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Why the Brangelina divorce really is newsworthy

There’s no need to be snobby about it – the Brangelina divorce really is news, writes Will Gore.

London - There was a strange moment at the end of Tuesday's Newsnight when host Evan Davis suggested that serious media outlets around the globe had been desperately casting around for a way to justify coverage of the impending divorce between Brad Pitt and Angelina Jolie. Having apparently failed to come up with a particularly novel angle on the story, the closing titles of the BBC's flagship news programme simply played out to a soundtrack of Angelina Jolie talking last year about the stability of the couple's marriage – in the context of the pair having just portrayed a crumbling relationship in By The Sea.

The idea that there must be some sort of deep, public interest justification for reporting Angelina Jolie and Brad Pitt's split is absurd, says the writer. Credit: EPA

But the idea that there must be some sort of deep, public interest justification for reporting the couple's split is absurd. The fact of any couple getting divorced is not intrinsically private. When the individuals in question are both incredibly famous in their own right, and among the half-dozen most famous couples on the planet, the announcement of their separation (publicly made by Jolie, with a statement following from Pitt) is plainly newsworthy. The devil, of course, comes in the detail. The fact of a divorce may not be private, but that isn’t to say the couple's marriage or their personal lives as individuals are fair game.

Even more obviously, the Brangelina brood – six-strong, and all under the age of 16 – must have their privacy respected. It is primarily for their sake that the media should show a degree of caution when it comes to speculation about the reasons for the divorce. Some information may enter the public domain by virtue of the legal proceedings which a divorce necessitates. But endless tawdry rumours as to why the marriage has failed can end up being intrusive, however much people want to read them.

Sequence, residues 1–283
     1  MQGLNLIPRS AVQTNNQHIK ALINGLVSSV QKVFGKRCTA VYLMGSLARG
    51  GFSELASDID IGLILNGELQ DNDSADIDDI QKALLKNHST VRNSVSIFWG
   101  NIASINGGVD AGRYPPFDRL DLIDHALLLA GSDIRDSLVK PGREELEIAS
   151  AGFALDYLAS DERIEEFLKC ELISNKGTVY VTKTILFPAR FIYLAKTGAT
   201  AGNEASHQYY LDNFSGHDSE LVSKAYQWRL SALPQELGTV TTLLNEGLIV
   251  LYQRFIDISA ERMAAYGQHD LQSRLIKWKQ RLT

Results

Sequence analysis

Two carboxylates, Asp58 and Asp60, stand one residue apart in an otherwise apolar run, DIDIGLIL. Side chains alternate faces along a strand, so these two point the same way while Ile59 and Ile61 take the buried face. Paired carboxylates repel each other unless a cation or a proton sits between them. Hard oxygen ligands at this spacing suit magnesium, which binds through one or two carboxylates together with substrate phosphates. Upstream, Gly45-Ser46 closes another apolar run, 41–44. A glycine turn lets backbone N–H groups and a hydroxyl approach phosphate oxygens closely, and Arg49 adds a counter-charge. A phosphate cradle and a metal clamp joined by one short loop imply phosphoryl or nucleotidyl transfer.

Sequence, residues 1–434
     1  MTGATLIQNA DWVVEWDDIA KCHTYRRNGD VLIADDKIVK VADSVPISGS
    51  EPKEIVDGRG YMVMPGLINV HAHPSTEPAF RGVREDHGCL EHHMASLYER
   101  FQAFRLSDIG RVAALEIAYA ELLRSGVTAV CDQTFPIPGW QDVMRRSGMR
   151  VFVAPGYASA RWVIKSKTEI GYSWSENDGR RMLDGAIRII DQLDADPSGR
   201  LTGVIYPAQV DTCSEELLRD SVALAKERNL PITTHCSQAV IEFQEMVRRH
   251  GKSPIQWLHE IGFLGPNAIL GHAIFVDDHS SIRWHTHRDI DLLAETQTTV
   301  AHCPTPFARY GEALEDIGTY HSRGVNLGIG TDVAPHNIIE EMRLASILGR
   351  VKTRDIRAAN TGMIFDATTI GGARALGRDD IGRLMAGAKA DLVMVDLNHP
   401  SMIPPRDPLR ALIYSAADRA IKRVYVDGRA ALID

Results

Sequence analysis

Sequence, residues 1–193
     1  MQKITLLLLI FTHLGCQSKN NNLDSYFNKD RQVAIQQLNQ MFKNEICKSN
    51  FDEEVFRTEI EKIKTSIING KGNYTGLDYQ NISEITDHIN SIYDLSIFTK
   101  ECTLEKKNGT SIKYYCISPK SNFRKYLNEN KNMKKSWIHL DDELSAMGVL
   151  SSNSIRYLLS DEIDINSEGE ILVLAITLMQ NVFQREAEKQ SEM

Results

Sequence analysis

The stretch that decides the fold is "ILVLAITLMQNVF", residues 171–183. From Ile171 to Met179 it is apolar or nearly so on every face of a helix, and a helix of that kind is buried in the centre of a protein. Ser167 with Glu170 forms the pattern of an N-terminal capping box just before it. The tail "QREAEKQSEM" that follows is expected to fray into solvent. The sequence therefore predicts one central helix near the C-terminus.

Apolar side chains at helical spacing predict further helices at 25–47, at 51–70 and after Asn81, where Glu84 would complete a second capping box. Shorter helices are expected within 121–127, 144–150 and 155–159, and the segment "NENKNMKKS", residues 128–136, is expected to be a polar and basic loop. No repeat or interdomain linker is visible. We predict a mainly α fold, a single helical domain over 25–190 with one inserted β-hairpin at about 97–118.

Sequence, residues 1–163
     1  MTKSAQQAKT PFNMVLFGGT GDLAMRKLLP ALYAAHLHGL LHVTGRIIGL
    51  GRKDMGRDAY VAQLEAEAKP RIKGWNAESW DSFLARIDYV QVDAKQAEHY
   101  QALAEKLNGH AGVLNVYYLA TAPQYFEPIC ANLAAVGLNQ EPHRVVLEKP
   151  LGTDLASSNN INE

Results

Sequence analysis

Putting aside the question of whether reporting on a high-profile celebrity divorce is legitimate insofar as privacy considerations are concerned, there is the broader argument about whether the separation of two movie stars should – from an ethical point of view – be given precedence over other news. To put it another way, when people are being bombed in Syria, or starved in Yemen, or are protesting against the shooting of unarmed black men by police in the US, how really can journalists in all good conscience spend time writing about a rich couple who’ve decided to call time on their relationship?

But this is a false dichotomy. It assumes that the media doesn’t have the capacity to report on a range of issues, and that consumers of journalism cannot be interested in a broad range of stories. If you take this approach to its logical conclusion you might as well stop news outlets reporting on sport, or publishing cookery supplements, or any number of other items which would not, by their absence, cause the world to stop turning.

It is also the height of intellectual snobbery to conclude that celebrity lives don’t or shouldn’t matter to “real” people, and shouldn’t therefore be the subject of news reports. The reality is we all look up to others. Why should we be forced to feel that looking up to famous people we don’t know is somehow less tangible (or even less acceptable) than admiring individuals we are personally close to?

There are, inevitably, plenty of people on social media who are declaring their lack of interest in the end of the Brangelina dream. Well fine; we can’t all be fascinated by everything. But if there is one thing we agree on, surely it is that the indignant and pious indifference of the pompous social media bore is fascinating to nobody.

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